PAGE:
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Rebecca Wragg Sykes


Neanderthal Life, Love, Death and Art

Book review by Anthony Campbell. The review is licensed under a Creative Commons Licence.
Ideas about the Neanderthals have varied widely since their fossils were first discovered in the mid-nineteenth century, but since the 1950s the trend in science has been towards recognising them as a fully human species or subspecies, particularly following the sequencing their genome, which revealed that all modern humans outside sub-Saharan Africa have some Neanderthal DNA.

Popular culture has not kept pace with the change in how scientists see the Neanderthals. Many people still think of them as primitive 'cave men', who became extinct because they were unable to compete with modern humans. An important part of Wragg Sykes's motivation in writing this book has been to show how wrong such ideas are.

She provides a very up-to-date account of the present state of our knowledge of these fascinating people, mostly from an archaeological point of view (she is a professional archaeologist). There is plenty of science here—the archaeological evidence for her statements is always provided—but the language is informal and she has no hesitation in saying how she feels about what she is describing. Each chapter is prefaced by a short lyrical passage which is supposed to set the scene.

Modern research has revealed a remarkable amount of detail about the Neanderthals. We know how they made their tools, how they hunted, what they hunted, where they lived (by no means always in caves), how they treated their dead and much else. Yet there are quite basic questions that are still unanswered and are perhaps unanswerable. For example, we know they used fire in hearths but we don't know if they could make fire themselves or depended on naturally occurring fires in their environment. It's also uncertain if they wore clothes, although there is indirect evidence that they processed hides. Of course, for much of their existence they had to cope with severe cold during ice ages, so it seems almost certain that they did wear clothes at least part of the time.

In any case, it is wrong to picture the Neanderthals as always living in cold surroundings. They existed for a very long time, several hundred thousand years, and for some of that time they were in temperate or warm environments, amid forests. And their geographical range was also vast, extending from western Europe to central Asia and from Siberia to the Mediterranean. This great variety of environments must have called for very different lifestyles.

Another question that may never be answered definitively concerns their ability to speak, Anatomically they must have been able to produce modulated sounds, and it's difficult not to believe that they would have used these to communicate, but how far their linguistic abilities went is inevitably uncertain. They had a complex culture which had to be transmitted somehow, but did this need to be done verbally?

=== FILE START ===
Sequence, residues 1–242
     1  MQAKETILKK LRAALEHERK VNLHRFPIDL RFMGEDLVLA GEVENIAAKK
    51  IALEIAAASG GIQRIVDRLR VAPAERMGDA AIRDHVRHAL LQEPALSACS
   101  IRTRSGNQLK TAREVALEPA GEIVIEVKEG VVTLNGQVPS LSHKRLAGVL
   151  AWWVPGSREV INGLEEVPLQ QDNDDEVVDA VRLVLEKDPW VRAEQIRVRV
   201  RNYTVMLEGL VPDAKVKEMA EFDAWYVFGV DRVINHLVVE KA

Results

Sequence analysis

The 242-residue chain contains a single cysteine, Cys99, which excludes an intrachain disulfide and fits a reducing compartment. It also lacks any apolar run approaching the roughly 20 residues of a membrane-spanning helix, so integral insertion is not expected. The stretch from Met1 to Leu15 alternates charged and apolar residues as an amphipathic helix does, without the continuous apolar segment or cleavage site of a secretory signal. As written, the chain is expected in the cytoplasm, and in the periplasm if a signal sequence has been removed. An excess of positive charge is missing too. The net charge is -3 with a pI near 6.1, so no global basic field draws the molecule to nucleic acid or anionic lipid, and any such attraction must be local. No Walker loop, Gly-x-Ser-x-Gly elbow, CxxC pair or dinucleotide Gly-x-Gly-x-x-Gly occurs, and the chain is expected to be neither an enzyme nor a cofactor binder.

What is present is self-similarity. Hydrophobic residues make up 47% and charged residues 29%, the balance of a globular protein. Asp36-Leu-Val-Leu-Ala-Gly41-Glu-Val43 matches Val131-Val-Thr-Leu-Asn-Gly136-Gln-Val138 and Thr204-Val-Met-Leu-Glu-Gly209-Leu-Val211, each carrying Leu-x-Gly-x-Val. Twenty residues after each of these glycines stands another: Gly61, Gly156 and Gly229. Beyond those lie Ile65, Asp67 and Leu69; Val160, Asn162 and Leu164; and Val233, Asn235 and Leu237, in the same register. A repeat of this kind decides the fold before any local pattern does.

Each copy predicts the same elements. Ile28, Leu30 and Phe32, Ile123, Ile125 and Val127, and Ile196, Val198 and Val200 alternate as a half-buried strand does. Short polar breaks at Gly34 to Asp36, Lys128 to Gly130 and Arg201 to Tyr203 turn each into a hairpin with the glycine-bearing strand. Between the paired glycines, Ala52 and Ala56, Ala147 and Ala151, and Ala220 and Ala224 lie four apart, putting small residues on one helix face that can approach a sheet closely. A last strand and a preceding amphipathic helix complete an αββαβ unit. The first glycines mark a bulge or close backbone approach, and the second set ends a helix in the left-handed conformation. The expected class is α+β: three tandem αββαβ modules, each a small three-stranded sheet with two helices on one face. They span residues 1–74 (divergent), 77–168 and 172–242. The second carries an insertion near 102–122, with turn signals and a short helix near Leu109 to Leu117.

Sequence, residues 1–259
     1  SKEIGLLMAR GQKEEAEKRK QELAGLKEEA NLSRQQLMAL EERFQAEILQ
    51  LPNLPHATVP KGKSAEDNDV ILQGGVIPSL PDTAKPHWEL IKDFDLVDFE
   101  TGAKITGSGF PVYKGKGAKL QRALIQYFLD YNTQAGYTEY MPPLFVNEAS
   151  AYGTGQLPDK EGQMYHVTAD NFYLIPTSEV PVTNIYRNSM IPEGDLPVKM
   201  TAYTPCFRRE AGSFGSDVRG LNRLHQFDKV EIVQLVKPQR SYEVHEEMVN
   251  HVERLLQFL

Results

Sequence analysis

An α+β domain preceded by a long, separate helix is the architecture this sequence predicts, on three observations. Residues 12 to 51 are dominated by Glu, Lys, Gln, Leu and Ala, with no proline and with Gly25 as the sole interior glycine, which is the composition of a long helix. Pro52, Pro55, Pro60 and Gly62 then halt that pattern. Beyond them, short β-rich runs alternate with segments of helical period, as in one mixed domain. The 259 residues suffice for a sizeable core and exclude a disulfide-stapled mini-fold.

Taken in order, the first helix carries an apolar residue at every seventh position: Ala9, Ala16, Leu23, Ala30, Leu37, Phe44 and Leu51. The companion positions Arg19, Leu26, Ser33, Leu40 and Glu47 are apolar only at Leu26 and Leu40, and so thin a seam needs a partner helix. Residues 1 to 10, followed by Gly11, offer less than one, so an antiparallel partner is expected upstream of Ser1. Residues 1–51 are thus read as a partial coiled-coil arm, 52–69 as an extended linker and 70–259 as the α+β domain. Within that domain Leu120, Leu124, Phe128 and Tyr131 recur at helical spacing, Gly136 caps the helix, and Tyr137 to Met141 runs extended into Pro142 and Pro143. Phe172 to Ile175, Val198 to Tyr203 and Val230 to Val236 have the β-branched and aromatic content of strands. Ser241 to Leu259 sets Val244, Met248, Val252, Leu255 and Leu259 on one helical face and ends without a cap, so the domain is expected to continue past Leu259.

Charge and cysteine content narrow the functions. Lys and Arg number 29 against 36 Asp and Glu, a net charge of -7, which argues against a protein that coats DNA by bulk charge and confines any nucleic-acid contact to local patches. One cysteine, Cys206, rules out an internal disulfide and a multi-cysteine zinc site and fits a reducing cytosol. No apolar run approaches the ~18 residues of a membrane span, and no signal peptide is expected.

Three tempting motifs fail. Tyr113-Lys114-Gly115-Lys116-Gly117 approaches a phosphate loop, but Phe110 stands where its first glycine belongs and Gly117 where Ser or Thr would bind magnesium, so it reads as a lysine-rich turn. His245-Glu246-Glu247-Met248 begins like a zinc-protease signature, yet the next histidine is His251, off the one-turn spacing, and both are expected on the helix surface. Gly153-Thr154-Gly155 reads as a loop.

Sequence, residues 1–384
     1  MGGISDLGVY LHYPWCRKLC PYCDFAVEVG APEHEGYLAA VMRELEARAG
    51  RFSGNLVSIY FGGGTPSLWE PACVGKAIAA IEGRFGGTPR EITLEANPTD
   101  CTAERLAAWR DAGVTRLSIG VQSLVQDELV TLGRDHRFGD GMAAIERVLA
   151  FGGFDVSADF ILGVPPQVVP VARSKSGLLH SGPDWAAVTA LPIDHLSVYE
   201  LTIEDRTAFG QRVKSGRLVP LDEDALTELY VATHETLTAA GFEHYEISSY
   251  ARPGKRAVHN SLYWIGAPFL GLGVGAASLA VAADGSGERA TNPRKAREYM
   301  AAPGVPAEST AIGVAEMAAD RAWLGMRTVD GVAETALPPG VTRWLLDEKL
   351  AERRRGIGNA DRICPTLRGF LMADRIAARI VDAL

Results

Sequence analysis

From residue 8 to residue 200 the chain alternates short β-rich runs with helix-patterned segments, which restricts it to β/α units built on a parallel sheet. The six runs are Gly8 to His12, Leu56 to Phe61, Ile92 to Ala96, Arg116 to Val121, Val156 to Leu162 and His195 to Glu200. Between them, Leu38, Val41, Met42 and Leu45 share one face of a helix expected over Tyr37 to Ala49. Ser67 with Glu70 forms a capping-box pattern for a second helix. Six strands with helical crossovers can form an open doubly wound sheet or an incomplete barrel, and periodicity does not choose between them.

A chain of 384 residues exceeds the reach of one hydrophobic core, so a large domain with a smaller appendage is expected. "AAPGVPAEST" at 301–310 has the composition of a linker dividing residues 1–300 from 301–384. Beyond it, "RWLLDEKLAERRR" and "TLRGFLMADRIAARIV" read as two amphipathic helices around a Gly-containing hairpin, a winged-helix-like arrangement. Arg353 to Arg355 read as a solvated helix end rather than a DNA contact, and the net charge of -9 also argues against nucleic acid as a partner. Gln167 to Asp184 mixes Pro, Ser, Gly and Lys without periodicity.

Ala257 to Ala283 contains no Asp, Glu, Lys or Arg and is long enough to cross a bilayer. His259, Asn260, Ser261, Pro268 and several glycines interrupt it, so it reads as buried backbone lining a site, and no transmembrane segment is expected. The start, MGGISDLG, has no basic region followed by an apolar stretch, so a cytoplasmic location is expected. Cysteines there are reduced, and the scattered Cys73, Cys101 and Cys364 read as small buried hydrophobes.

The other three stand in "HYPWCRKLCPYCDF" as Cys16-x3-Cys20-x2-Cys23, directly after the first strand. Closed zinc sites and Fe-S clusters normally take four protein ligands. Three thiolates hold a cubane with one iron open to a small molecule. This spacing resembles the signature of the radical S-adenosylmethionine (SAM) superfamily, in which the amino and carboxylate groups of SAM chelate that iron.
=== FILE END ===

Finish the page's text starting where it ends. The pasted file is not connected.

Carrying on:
A closely related question concerns their capacity for abstract thought. In the past many scientsts have doubted this. However, a truly extraordinary recent discovery in south-west France has put the question in a quite new light.

Deep in a cave system near the town of Bruniquel lies a mystery which was revealed for the first time only in 1990, when cavers broke through massive roof falls to find a chamber in which stalagmites were scattered in two roughly circular forms. Initial radiocarbon dating suggested a date earlier than 47,000 years ago, but in 2013 a new radiometric method using uranium gave a date over 174,000 years ago. This prompted a more detailed investigation of the structure.

Meticulous study found complexity at every level. Over 400 stalagmites had been snapped off and from among the broken pieces Neanderthals had selected wide, straight mid-portions, obviously with particular sizes in mind. By aligning their 'speleofacts', they formed two rings on the chamber floor.
There were complex structures within the circles and evidence of bones, perhaps of bears, having been burned on them. The construction would have required the cooperation of a number of individuals over at least seven to eight hours. The burning episodes probably occcurred on a number of occasions. Wragg Sykes avoids speculating about a religious ceremony of some kind, but that is inevitably what comes to mind.
Steeped in eldritch vibes, the significance of Bruniquel's ring chambers is enormous; the only monumental structure known to have been made by Neanderthals. ... Bruniquel laughs in the face of austere, survival-only explanations for Neanderthal behaviour. It surely was made by thinking, also feeling, minds.
The Neanderthals disappeared some 40,000 years ago; we don't know why, althoug climate change may have been part of the cause—which, as Wragg Sykes remarks, carries a warning for us. We tend to think we were somehow fitter, more adaptable, better able to survive, but are we being hubristic?
Yet the Neanderthals were never some sort of highway service station en route to Real People. They were state-of-the art human, just of a different sort.
This is likely to prove the definitive book on the Neanderthals for the non-specialist for a long time to come.


%T Kindred
%S Neanderthal Life, Love, Death and Art
%A Wragg Sykes, Rebecca
%I Bloomsbury
%C London
%D 2020
%G ISBN 978-1-4729-3748-0
%K archeology
%O eBook version, downloaded from Amazon 2021

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